Spring sports season killed: The Florida High School Athletic Association announced on Monday that it will not try to salvage the spring sports season once Gov. DeSantis decided that schools would not reopen next month, and will not extend an extra year of eligibility for students participating in those sports. When schools were ordered closed in mid-March, the FHSAA had said it would consider a shortened season, even extending to June 30 if necessary, and that if the season got canceled it would consider granting spring sports athletes an extra year of eligibility if they repeated their grade level. This is the first time in the history of the FHSAA, which formed in 1920, that spring sports seasons were canceled before concluding. News Service of Florida. Orlando Sentinel. Tampa Bay Times. Miami Herald. Sun Sentinel. Palm Beach Post. Florida Times-Union. Naples Daily News. TCPalm. Pensacola News Journal. Bradenton Herald. Gainesville Sun. Daytona Beach News-Journal. Northwest Florida Daily News. Panama City News Herald. St. Augustine Record. Lakeland Ledger. WTVT.

No relief for some: While most public and private school educators and parents agreed with Gov. DeSantis’ decision to keep schools closed for the rest of the 2019-2020 academic year, some parents have expressed conflicting feelings. “If this is going to continue on for another month, they need to come up with another solution,” said Tiffany Hohenfeldt on Seminole County, who has three boys, ages 7, 5 and 3. “There are parents who are really struggling.” Hohenfeldt and her husband, like many Florida parents, are working fulltime from home. Fulfilling that obligation, as well as guiding her children through their schoolwork all day, is stressful, she said. “I don’t have eight hours a day on top of everything else that is going on.” Orlando Sentinel. WPLG. WJXT. WTSP.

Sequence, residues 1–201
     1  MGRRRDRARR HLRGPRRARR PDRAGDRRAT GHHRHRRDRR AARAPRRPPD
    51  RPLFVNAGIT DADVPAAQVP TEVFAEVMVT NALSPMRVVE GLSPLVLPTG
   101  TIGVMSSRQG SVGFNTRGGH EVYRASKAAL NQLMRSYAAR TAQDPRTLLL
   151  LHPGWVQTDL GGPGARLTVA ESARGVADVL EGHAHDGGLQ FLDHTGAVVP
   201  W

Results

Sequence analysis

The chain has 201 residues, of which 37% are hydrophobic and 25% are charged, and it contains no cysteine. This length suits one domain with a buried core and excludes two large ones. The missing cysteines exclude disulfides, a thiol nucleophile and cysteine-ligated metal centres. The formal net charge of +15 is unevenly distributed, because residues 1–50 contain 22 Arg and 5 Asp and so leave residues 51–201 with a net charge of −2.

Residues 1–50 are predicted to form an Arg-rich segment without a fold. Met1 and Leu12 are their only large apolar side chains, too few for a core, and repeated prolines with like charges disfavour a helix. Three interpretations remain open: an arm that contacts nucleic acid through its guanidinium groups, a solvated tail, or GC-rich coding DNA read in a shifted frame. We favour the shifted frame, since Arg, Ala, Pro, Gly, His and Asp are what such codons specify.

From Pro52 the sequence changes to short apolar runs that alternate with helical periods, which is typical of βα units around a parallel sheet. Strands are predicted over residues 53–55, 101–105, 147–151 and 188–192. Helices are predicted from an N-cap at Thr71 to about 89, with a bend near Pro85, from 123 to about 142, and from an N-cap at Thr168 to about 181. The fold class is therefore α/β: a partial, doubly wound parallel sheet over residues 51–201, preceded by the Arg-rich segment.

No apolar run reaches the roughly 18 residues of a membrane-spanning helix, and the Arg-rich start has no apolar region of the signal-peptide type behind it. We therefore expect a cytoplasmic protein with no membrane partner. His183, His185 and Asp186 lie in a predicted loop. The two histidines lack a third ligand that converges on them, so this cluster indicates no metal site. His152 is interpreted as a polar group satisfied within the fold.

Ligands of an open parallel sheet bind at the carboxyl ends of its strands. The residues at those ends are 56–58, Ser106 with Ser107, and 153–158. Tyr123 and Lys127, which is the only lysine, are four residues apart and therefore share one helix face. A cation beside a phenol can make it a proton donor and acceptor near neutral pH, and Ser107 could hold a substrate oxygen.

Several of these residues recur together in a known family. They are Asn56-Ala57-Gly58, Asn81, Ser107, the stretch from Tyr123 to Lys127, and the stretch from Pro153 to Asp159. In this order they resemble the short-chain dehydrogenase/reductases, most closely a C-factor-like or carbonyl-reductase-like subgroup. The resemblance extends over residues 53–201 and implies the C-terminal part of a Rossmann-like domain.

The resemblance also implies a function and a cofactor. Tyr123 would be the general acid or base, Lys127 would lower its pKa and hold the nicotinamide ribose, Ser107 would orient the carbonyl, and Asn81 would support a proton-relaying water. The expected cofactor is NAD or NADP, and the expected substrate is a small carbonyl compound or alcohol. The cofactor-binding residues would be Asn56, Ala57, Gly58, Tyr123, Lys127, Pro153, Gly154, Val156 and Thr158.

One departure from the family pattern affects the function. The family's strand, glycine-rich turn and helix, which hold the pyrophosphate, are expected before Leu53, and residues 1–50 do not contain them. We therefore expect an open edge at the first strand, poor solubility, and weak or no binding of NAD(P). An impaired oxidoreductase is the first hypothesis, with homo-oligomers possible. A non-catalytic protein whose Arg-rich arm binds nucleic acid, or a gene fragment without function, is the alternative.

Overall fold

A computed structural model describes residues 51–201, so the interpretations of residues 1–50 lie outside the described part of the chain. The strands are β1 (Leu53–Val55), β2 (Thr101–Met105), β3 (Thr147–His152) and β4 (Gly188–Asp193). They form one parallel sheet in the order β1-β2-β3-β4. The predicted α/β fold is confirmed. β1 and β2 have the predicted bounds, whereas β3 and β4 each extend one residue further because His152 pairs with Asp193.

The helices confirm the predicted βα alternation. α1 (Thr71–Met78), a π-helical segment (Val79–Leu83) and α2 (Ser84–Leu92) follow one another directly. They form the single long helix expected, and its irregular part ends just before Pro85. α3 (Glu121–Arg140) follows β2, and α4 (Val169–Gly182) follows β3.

Online education: The Leon County School District has canceled all final exams, Superintendent Rocky Hanna announced on Monday. He said that teachers will develop a “curve model” that all schools will use to calculate grades. Hanna implored the students to “try your best”during the final weeks of school. The district said 94 percent of students have checked in on classes remotely. Tallahassee Democrat. Teachers in Escambia County are “in a groove” with online instruction, said Superintendent Malcolm Thomas, so the governor’s decision to keep schools closed through the end of the academic year was not unwelcome news. Going back would have been more trouble than it would have been worth, he said. Pensacola News Journal. WEAR. Catholic schools in the Tampa Bay area will remain closed for the rest of the academic year, and their 13,000 students will continue with online learning. Tampa Bay Times. WUSF. School officials in Martin, St. Lucie and Indian River counties are discussing new summer learning programs and other ways to supplement online learning. TCPalm.